The Honorable Antony J. Blinken
Secretary of State
U.S. Department of State
2201 C Street, NW
Washington, DC 20520
September 6, 2022
Dear Secretary Blinken:
We, the undersigned individuals, write to express our disappointment in the State Department’s August 23, 2022 decision to renew the 2017 travel ban to the Democratic People’s Republic of Korea (North Korea) instituted by the Trump administration and urge you to make modifications to the ban while working to sunset it.
As those who have traveled to North Korea for humanitarian activities, family reunions, the repatriation of U.S. service member remains, and peace and reconciliation initiatives, we understand the importance and urgency of continuing people-to-people engagement in North Korea, especially as tensions mount on the Korean Peninsula. We believe the ban—which is the only such ban on the freedom of movement by U.S. citizens—is not only unnecessary but harmful.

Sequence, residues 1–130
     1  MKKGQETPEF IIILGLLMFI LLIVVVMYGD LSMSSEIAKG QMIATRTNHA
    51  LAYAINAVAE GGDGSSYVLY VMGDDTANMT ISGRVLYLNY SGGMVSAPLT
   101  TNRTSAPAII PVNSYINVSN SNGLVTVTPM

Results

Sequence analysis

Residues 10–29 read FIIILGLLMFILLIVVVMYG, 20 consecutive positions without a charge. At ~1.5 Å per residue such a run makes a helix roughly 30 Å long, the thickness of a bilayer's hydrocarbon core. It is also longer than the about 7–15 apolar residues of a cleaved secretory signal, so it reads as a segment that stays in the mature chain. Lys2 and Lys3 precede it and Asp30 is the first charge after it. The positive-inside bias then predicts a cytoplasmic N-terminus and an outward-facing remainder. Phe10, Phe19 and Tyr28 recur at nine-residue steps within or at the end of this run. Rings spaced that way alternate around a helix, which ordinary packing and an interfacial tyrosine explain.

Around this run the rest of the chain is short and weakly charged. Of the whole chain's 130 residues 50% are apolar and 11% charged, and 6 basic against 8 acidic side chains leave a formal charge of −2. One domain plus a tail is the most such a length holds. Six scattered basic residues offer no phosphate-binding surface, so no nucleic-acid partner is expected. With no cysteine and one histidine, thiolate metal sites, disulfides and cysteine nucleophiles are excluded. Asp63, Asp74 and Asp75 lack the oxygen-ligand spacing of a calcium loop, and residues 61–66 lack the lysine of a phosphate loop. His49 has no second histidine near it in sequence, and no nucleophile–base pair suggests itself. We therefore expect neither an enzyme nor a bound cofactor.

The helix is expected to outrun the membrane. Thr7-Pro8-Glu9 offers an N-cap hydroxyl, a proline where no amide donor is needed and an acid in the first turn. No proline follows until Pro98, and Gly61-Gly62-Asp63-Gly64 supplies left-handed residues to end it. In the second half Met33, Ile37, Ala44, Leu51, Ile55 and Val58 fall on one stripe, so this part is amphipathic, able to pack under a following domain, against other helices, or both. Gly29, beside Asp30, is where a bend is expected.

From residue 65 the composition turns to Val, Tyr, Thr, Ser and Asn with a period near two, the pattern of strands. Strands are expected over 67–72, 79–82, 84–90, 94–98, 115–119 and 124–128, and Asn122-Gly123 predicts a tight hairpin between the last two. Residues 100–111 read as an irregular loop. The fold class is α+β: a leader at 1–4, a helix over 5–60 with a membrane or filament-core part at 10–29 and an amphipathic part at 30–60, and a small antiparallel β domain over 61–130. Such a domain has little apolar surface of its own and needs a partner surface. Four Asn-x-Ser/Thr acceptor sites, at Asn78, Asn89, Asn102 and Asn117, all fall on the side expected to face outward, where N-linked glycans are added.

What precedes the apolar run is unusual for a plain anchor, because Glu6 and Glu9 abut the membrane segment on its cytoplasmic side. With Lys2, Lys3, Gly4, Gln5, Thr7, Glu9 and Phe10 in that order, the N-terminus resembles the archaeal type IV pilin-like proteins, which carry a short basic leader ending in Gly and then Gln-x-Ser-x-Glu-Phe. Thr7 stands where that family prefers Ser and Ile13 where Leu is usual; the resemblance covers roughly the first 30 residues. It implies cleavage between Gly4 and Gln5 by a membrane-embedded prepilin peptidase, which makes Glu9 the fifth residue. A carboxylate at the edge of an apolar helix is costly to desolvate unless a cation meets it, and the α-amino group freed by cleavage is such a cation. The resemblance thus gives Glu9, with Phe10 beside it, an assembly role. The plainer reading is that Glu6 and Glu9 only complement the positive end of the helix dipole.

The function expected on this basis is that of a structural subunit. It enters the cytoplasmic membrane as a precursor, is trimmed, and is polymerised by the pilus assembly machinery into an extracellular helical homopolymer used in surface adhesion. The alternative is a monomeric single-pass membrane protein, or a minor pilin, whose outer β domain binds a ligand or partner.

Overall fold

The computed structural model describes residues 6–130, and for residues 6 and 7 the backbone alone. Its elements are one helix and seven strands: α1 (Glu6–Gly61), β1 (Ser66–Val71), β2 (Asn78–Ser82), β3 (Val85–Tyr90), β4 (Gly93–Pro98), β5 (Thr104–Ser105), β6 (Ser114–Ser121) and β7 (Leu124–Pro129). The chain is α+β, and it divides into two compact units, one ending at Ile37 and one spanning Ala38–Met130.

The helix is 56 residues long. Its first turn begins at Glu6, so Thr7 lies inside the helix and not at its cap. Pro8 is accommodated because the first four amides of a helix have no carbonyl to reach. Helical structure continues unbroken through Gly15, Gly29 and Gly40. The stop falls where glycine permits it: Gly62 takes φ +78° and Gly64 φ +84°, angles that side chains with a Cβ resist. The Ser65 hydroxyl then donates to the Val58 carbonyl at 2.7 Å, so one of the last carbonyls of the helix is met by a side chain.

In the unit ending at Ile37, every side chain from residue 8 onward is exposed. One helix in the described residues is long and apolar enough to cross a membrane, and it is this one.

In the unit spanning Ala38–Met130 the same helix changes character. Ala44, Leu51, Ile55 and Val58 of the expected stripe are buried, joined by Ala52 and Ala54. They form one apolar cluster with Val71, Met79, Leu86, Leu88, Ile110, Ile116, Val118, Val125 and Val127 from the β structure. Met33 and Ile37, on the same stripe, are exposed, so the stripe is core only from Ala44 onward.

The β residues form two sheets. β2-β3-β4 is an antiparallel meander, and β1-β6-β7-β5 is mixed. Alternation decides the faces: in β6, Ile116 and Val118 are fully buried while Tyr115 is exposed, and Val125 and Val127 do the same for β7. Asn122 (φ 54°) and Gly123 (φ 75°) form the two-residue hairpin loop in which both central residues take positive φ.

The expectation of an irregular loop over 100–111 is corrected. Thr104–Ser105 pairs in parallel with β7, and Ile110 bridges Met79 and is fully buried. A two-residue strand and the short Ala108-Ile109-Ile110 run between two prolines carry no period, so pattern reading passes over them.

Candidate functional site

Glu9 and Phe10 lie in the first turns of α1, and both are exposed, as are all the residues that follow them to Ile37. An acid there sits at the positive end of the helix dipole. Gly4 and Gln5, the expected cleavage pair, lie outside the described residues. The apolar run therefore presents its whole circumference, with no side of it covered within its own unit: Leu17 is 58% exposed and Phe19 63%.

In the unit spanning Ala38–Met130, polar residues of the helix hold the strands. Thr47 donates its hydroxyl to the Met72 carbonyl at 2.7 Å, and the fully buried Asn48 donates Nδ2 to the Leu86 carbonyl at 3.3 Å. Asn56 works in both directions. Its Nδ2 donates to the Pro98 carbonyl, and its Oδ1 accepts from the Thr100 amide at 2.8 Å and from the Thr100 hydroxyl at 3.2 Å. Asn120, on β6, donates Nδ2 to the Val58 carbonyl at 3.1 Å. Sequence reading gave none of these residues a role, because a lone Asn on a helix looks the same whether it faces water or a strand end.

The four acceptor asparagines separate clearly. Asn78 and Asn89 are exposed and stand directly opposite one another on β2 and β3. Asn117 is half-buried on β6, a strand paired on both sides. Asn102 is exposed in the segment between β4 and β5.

For over thirty years, thousands of Americans have traveled safely and without incident to North Korea to reunite with loved ones, engage in educational and cultural activities, and deliver life-saving humanitarian aid. From 2000 to 2017, an estimated 6,000 Korean Americans traveled to North Korea, many seeking to reunite with family members from whom they became separated due to the Korean War. Since the early 1990s, U.S. humanitarian organizations safely sent hundreds of aid workers to North Korea, including outside of the capital city of Pyongyang. These people-to-people exchanges and humanitarian activities are crucial to advancing the U.S. national interest and building trust with North Korea but have been largely halted as a result of the 2017 travel ban.